I often read meta-analyses. What they do is:
- explain how they searched for relevant studies (i.e. which databases or bibliographies they used, sometimes even which keywords)
- give the number of studies they found
- list the studies in the reference list
They never list any sources when they state how many sources they found. Instead they explain how they searched.
If the databases, bibliographies and other sources you use for your search are not common knowledge in your field, list them in the reference list and cite them in text when you explain your search strategy. For example, if you use the bibliography in the back of a book published 1765, you would list that book and cite it where you mention it in your text. Don't list or cite common databases like PubMed (but mention if and how you used them).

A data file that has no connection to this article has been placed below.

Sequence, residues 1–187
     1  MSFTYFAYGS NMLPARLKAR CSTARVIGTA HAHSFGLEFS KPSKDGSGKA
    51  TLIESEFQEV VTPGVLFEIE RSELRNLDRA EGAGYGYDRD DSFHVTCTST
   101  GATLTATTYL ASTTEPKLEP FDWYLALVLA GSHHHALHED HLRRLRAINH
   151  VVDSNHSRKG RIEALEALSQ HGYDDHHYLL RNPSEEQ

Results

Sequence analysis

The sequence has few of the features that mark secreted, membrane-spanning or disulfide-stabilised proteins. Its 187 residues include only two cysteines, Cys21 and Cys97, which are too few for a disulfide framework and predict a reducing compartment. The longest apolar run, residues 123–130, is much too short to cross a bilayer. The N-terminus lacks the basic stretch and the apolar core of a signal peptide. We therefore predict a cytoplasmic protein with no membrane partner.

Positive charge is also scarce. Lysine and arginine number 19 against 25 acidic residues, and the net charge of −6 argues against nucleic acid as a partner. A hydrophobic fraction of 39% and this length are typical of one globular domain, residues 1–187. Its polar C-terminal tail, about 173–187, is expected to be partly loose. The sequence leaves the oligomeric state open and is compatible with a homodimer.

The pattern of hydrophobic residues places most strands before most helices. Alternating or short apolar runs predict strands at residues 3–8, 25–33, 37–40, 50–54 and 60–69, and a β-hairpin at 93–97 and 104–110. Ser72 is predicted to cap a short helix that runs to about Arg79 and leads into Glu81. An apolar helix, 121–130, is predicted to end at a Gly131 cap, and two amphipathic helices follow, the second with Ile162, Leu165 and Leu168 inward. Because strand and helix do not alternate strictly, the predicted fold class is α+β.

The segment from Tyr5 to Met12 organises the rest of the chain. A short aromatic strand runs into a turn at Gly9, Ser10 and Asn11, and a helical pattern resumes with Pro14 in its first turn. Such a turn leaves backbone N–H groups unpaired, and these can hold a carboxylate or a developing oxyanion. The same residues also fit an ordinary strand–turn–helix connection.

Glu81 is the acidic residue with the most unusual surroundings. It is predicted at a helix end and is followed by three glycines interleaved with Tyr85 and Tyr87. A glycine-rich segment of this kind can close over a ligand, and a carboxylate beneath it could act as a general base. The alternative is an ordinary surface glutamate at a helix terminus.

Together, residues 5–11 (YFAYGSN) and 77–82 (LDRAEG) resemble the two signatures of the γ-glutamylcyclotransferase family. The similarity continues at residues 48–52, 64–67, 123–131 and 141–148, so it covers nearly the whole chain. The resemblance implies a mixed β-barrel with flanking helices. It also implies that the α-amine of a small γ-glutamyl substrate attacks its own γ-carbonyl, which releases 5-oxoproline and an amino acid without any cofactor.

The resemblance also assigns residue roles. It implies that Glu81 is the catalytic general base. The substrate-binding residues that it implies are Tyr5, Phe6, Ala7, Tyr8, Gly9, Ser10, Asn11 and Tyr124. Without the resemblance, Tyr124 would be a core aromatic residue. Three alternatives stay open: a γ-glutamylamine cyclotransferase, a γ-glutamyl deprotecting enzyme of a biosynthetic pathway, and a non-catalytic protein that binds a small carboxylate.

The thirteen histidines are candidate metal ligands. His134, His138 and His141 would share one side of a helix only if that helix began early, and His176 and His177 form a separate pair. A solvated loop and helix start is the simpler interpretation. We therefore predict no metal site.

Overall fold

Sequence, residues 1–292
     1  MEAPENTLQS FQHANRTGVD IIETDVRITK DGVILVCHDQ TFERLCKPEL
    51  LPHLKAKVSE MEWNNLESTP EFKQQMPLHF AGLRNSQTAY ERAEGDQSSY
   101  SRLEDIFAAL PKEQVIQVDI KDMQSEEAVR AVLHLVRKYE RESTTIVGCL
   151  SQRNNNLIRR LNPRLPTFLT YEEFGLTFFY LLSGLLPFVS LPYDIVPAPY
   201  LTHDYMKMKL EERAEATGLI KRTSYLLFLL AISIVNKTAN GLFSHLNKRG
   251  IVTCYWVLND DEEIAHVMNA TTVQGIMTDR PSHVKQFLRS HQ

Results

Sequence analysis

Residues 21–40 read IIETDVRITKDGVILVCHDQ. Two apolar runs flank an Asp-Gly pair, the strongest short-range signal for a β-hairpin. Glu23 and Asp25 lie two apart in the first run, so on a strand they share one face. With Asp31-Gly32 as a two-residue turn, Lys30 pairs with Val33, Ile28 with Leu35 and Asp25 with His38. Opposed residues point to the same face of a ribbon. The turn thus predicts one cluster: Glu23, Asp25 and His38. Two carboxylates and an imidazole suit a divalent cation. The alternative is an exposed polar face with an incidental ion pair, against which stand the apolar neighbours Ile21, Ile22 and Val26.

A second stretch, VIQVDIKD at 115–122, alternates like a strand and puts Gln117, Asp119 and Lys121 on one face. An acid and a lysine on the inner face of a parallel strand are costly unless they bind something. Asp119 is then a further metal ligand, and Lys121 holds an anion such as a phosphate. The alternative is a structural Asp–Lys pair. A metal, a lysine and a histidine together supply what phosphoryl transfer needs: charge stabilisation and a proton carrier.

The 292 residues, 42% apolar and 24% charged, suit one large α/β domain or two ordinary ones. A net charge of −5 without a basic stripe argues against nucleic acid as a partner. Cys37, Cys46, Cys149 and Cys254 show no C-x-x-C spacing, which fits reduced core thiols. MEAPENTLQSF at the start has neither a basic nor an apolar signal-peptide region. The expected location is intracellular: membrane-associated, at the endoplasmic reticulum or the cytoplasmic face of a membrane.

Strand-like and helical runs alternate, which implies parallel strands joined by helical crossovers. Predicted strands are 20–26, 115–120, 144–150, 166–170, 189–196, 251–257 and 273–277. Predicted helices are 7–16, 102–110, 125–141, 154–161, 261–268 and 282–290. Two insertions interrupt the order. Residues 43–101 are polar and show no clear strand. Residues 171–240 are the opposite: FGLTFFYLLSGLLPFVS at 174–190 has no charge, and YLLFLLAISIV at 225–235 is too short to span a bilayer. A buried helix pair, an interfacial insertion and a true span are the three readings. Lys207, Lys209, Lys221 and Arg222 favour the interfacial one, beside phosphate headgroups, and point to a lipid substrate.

Whenever a meta-analysis claims that there is no more than they found, or an author wants to delineate the development of a research topic from the first publication to its climax and beyond to its decline (i.e. when it is important to accurately know how much has been published on a certain topic at a certain time), the authors explain their search strategy in enough detail to allow a reader of their article to reconstruct that strategy and evaluate it. For example, if they used a databases, they list the keywords they used for their search.